The Parliament can further approve, reject or propose amendments to legislation on a wide range of issues and has a mandate to hold our national governments to account when they fail to respect and protect our rights. The elections on the 24th May will be held one day short of a full year since our historic referendum on reproductive rights! Hard-work and dedication overturned the 8th amendment last year and I know many inspiring UCD students who also worked on this campaign. Our students voted for the university to have a pro-choice stance and we knocked on doors, marched on the streets and even called up our grannies to have an awkward talk about repeal! However, the protection of gender-based rights has not yet been fulfilled. We must look to other places in the EU such as Cyprus, Malta, Poland and Northern Ireland where full reproductive rights are still restricted.
Sadly, only 7 out of 28 EU countries currently have laws stating that any sex without consent is rape. Even then, victims of sexual violence in these countries often decide not to pursue legal recourse, as they are intimidated by the lengthy legal process, unwilling to put themselves through years of uncertainty and potential re-traumatisation. My vision of a future for Europe is one that upholds the rights of all of its citizens.
UN experts say we have just over a decade to make serious changes to avoid a climate catastrophe. In February, former President of Ireland and UN High Commissioner for Human Rights, Mary Robinson, visited our campus and urged students to make climate change a personal issue in their lives. We have embraced the reusable coffee cups, skipped the plastic cutlery around campus and discovered the art of cycling; but despite our personal commitments, Ireland remains one of the only European Union countries with rising greenhouse gas emissions. If we do not introduce major new policies and measures, we will miss our 2020 environmental targets, resulting in EU fines estimated at up to €455m. The stakes have never been higher and EU institutions, dedicated to positive, transformative action, are best placed to lead a global response to climate change. We need politicians supporting more ambitious policies, like shifting to renewable energy or moving to a zero-carbon economy, and willing to assist those in developing countries who have been most affected by our region’s negative environmental conduct. The European Union is far from perfect – few things are. We are living in a time where certain groups, backed up by powerful tools of disinformation, strive to breathe life into sentiments that undermine the values that define us as Europeans. Communities are being divided by fear, hatred is being incited against minorities and the destruction of our planet is being threatened. In the run-up to 24th May, I want us all to call on Europe’s leaders and election candidates, asking them to commit to moving away from politics of fear, towards hope. I have touched on some of the issues which I deeply care about and want to see change at a European and national level; however, I’m sure you may have many, many more causes of your own. Candidates in elections are concerned about what we think. By raising our voices in the lead up to the European Parliamentary elections, we can urge Irish politicians to commit to policies that protect everyone’s rights and stick to these promises if elected. Talking to friends and family members, raising our voices on social media, and writing to our representatives are all actions that can really make a difference.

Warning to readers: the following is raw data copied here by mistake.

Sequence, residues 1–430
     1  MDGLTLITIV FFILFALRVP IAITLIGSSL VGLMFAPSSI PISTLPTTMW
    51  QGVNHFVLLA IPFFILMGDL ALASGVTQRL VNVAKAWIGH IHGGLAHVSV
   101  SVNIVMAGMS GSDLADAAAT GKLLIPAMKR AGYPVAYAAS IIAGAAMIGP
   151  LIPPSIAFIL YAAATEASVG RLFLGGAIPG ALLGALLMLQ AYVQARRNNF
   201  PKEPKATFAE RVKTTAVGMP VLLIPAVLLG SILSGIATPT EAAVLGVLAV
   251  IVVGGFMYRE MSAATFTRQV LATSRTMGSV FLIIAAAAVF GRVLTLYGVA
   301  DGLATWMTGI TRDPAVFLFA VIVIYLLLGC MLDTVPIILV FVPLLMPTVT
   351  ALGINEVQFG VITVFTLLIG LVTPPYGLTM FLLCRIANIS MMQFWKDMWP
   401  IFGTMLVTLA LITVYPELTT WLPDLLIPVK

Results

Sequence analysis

Let’s demolish the stereotype that young people, due to our busy schedules of working, studying and socialising, are apathetic. We are not, we have been a huge catalyst for change in our society and our voices are powerful. Now is the time to turn up the volume.